Diary of a Return, Week 6, Day 5

TD2 (1)

Editor’s Note:  This diary entry is the twenty-eighth in a series of entries describing Teresa Dybvig’s strategies for preparing for an upcoming recital after a long break  from performing. Keep posted for further installments.  For more about The Well-Balanced Pianist, click on this link:  http://www.wellbalancedpianist.com/

 

Friday, October 24: let go/listen

 

Last week, I wrote how I use a variation of my meditation form to enhance my concentration in performance:  when I think unwanted thoughts, I label them “thinking,” which helps me to let them go and return to the music.  I’m accustomed to labeling my thoughts “thinking” during meditation, so it wasn’t hard for me to transfer this technique to playing a piece of music.

 

You can read in Diary entry V, Part 5, how it worked out for me: so well that I didn’t hear EMS techs in my performance space!  Having such a success, of course I wanted to share this new performance tool with my students.  I was surprised by how difficult they found it.  I quizzed them in detail about their experience, trying to understand what didn’t translate.  I realized it was that word, “thinking.”  A lot of times they couldn’t even remember the word when they had a thought, and searching for it distracted them more than the unwanted thought they wanted to let go of.  I searched around for something that would be easier to apply.  Finally I hit upon, “Let go-listen.”

 

The results were amazing.  Amazing!  I’ll just tell you about the first time someone used it at the program I run, The Well-Balanced Pianist.  We have performance classes at The Well-Balanced Pianist, but they’re not like performance classes in which students play and then receive coaching.  The WBP participants are already receiving coaching in lessons; in the performance class, we want to make a difference in their performance experience.  To that end, we write performance class participants before the session begins, to ask if they have any issues about performing that they would like to change.

 

One summer, a participant wrote something that made us feel she was easily distracted in performance.  So the first day of the session, I went outside and sat at a picnic table with her for a bit, and gave her her own personal assignment for the performance class: she would think “let go” in response to any unwanted thought, and then, right away, “listen,” to remind herself to get back to the music.  This was Thursday, and the class was Saturday, so she only had a couple of days to practice with “let go-listen” before the class.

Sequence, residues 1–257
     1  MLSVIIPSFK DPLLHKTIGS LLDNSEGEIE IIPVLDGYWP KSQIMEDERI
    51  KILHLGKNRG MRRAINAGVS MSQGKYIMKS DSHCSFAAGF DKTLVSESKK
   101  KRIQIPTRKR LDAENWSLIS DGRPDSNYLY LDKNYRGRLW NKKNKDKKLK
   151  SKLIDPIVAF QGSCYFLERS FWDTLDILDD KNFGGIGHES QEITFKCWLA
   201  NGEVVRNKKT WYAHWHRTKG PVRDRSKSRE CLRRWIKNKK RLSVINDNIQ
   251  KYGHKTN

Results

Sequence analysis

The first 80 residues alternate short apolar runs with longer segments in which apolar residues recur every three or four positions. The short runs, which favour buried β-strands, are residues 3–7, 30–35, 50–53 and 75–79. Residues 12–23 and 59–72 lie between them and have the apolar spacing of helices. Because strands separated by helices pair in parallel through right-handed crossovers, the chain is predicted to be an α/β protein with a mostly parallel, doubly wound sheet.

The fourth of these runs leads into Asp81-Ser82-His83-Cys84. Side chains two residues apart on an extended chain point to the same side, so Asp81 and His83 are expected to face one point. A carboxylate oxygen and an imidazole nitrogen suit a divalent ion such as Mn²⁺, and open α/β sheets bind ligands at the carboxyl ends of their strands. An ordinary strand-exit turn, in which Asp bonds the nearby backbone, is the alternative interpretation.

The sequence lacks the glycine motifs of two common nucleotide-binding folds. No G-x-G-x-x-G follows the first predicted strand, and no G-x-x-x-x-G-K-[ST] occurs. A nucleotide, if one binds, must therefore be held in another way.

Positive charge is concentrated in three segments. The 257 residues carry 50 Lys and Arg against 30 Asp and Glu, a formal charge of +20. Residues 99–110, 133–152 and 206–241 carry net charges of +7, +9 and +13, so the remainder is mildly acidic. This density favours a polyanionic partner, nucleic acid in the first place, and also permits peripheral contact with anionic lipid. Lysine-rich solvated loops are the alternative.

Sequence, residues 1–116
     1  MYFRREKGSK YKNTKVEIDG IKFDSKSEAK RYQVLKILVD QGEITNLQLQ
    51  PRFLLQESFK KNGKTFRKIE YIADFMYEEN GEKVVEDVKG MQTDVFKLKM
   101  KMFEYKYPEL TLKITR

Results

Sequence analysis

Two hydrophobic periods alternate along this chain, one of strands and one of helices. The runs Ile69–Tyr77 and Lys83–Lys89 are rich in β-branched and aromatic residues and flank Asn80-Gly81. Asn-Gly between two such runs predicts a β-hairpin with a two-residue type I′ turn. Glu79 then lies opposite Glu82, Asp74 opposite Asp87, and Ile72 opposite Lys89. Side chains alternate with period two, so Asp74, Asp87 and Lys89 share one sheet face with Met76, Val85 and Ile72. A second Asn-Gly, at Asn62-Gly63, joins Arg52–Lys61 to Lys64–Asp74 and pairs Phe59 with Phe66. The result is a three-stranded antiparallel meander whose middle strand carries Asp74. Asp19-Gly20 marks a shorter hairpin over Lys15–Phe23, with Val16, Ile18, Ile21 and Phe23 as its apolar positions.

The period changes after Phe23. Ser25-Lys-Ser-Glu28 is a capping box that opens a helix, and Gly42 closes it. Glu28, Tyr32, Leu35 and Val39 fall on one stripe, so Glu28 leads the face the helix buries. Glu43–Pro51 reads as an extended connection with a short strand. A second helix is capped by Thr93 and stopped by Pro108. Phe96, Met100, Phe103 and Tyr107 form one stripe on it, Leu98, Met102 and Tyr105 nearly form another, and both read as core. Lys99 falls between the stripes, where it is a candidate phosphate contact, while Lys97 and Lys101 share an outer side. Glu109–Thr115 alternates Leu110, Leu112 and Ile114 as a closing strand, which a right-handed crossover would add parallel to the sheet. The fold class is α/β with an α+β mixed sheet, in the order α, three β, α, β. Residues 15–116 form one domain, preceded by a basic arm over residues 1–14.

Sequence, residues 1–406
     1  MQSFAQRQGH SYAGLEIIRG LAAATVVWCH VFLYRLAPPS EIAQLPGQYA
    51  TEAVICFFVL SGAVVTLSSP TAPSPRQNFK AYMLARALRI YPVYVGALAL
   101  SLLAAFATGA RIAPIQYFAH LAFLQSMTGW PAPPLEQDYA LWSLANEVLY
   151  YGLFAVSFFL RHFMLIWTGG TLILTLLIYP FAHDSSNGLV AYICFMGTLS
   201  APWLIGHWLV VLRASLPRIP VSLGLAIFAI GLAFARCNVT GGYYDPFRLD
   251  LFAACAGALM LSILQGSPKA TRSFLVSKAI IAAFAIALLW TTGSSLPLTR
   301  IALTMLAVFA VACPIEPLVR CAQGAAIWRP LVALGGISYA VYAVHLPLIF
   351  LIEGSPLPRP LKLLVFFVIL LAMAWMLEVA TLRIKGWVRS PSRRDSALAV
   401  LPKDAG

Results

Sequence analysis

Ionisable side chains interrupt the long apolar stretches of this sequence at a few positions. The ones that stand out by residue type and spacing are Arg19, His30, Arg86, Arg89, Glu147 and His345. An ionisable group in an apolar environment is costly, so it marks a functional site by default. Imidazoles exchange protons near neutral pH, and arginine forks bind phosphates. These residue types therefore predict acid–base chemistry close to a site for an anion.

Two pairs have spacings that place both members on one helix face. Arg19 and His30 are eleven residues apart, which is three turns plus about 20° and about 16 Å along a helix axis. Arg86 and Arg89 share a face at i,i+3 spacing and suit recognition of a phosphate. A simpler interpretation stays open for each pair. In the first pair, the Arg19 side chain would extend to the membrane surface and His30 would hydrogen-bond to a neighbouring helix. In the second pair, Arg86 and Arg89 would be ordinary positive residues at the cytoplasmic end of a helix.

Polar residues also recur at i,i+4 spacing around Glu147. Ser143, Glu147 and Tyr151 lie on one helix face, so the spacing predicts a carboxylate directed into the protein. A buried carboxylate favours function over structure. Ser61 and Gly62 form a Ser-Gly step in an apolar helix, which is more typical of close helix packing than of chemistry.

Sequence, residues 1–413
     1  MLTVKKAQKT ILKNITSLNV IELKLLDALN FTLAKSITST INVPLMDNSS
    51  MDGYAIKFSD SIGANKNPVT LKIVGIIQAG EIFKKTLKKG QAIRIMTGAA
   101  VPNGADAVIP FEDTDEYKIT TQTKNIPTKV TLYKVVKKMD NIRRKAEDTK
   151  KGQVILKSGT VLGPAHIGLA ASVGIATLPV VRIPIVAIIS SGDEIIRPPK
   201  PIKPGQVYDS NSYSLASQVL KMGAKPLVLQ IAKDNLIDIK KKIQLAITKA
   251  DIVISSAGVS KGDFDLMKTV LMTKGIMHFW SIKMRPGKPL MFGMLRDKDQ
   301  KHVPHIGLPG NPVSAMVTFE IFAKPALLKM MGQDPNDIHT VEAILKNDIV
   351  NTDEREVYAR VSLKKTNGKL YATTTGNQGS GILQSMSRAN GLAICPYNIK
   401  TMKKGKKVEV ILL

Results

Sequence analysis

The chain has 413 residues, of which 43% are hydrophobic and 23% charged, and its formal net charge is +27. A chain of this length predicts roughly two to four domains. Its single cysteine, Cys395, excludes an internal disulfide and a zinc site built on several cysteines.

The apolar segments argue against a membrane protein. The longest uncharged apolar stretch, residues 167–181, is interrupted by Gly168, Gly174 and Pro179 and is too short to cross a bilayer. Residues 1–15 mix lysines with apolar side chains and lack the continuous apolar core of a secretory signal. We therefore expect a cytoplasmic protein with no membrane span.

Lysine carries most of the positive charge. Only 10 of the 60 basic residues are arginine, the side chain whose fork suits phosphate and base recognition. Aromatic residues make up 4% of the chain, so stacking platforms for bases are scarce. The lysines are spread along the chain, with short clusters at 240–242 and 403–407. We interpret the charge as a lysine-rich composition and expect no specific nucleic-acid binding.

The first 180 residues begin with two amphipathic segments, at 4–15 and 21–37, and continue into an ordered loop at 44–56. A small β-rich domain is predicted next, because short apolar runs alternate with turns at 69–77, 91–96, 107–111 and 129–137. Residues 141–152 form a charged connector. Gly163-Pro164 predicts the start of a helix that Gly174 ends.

If I recall correctly, she played Jeux d’eau.  Because of a lapse in planning, neither piano instructor knew how much she planned to play before she sat down at the piano (sometimes people play excerpts if they feel that’s all they can prepare well), so I announced her and her piece slightly vaguely.  Well!  She played the whole thing from beginning to end, and then gushed, and gushed, and GUSHED!  She gushed that she had never played that piece all the way through before, because she had always been so busy criticizing herself that she would give up before she reached the end!  She gushed that she herself had no idea she was playing through the whole piece – she just kept saying “let go-listen” every time she had a thought, and was therefore in the moment right up to the end.  She said that “let go-listen” was now her favorite performance tool and she was going to use it for the rest of her life!

 

Since then, I have always had students use “let go-listen” in response to unwanted thoughts.  It works better than “thinking,” and seems to help everyone who tries it to stay present with the music, in the state I call “total immersion”.

 

Teresa Dybvig is founder and director of The Well-Balanced Pianist, an organization which presents programs across North America based on an integrated approach to teaching, learning, and performing. Previously on the faculty of the Taubman and Golandsky Institutes, Dr. Dybvig now teaches privately in Long Island, Manhattan, Chicago, and Denver. She specializes in helping pianists with playing-related injuries.

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